Makesd sense on a tube type tire, but on a tubeless, once the bead has pushed on to the rim, it will not move unitl, you break the bead from the rim. Deflating is an hold over from tube type tires that is now usless.

ken
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Old 01-14-2009, 09:39 PM   #8
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Answer,

Michelin says that their tires, when mounted properly, should not require balancing. This is quite true, as I have found out. The problem is that when the tire is inflated to seat it on the rim, it does not usually press outward evenly on the rim but instead one side will seat first then the rest of the bead will pop into place. This causes the bead to be slightly off center with respect to the wheel. I suppose you could get lucky and have a perfectly opposite imbalance but that would rarely happen.

This slight off center will cause the tire to be out of round and out of balance. The heavy side of the wheel assembly will also be the side that is high making it almost impossible to get rid of the shaking. Our RV has Michelin tires and after paying to have the fronts spin balanced on the coach, the shaking was still there. My solution was to jack the front end up as high as the HWHís would go, then release all the air from each tire, wait about 5 minutes, then re-inflate both tires.

Bingo, no more shaking. I even removed the 16 Oz. of weight that the outfit had used trying to get them to dynamically balance. Problem was, they were still out of round until I re-seated them. After this success, I did the same procedure with the rears and they smoothed out as well.

The Michelin brochures have the same procedure recommended for mounting tires but most shops, pressed for time, just mount the tire and pump it up. Our tires now have close to 80,000 miles on them and seem like there is at least another 50,000 miles of tread left on them. When we finally replace the tires, I will stay with Michelin XZEís, and I will make sure the proper mounting procedure is observed.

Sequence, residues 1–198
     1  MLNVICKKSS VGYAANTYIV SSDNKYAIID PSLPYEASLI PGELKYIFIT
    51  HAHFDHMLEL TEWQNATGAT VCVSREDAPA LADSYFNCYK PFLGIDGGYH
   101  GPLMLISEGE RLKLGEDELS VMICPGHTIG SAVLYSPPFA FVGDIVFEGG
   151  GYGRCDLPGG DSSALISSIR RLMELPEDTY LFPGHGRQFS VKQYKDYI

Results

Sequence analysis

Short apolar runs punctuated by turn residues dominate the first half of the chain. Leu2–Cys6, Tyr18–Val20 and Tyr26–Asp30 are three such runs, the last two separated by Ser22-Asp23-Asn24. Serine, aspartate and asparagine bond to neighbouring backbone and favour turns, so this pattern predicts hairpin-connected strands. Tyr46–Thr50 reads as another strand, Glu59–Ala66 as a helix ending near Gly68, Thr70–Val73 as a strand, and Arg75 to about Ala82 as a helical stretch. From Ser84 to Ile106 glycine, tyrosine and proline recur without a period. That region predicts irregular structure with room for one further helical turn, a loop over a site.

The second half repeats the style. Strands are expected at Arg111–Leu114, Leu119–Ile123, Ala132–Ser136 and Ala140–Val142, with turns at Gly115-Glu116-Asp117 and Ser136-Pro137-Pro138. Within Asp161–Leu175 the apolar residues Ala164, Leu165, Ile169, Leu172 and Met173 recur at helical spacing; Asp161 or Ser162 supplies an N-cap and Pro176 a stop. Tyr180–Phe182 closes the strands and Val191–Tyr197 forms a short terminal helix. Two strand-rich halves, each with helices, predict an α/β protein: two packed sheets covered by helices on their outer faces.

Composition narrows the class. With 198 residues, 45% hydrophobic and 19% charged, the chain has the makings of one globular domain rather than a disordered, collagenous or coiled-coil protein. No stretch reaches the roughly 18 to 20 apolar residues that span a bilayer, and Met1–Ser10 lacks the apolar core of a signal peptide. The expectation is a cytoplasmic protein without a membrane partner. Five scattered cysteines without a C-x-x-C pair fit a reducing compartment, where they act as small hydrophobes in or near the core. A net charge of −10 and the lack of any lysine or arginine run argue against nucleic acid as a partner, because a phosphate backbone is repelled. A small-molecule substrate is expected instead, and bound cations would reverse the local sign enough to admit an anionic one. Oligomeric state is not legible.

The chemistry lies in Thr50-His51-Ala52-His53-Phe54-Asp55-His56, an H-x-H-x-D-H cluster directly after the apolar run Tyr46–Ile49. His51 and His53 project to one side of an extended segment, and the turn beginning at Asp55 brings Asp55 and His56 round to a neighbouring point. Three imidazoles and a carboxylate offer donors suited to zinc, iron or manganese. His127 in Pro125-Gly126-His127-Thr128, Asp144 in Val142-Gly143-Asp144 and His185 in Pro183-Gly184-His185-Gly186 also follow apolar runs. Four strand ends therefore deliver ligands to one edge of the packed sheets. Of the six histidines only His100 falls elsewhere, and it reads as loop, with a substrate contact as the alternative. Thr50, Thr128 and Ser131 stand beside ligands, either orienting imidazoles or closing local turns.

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Old 01-14-2009, 11:22 PM   #9
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i would use the hwh jacks and lift the coach evenly to avoid twisting the chassis. you can pop windshields out if you twist the chassis enough.
use a jackstand for safety under the axle on the wheels that are removed.
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Old 01-15-2009, 03:10 AM   #10
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There is some support of MrTransistor's discussion in a couple of Michelin's videos found here:

http://tinyurl.com/7cyop3

Watch the "Proper Mounting Techniques using T-45 Tire Irons" and "Runout & Match Mounting" videos.

Thanks Mark --- wow, just everything is more complex than it seems!
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Old 01-15-2009, 04:39 AM   #11
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When I was doing tire installations (a loooong loooong time ago), we didn't install the valves until the tire had been mounted. The tire was "popped" onto the rim with the valve removed, which meant that it alway had to deflate when we removed the air hose. THEN we installed the valve into the valve stem.
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Old 01-15-2009, 04:43 AM   #12
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Old 01-15-2009, 05:02 AM   #13
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The new tires are on and the install was pretty smooth. They used equal balancer in the front tires only.
One thing I did learn was the damage that UV, exposure can do to a tire.
All 4 outside tires had moderate to severe weather checking/cracks on the sidewalls, while the 2 inside duals looked like they could run another 7 years. They looked perfect.
I just in my mind cannot understand how this equal works. They tossed 2 bags inside each front tire.
The drive back to my storage area was not that much different than before though as it was only about 12 miles on surface streets and hardly over 40 mph at the most at times.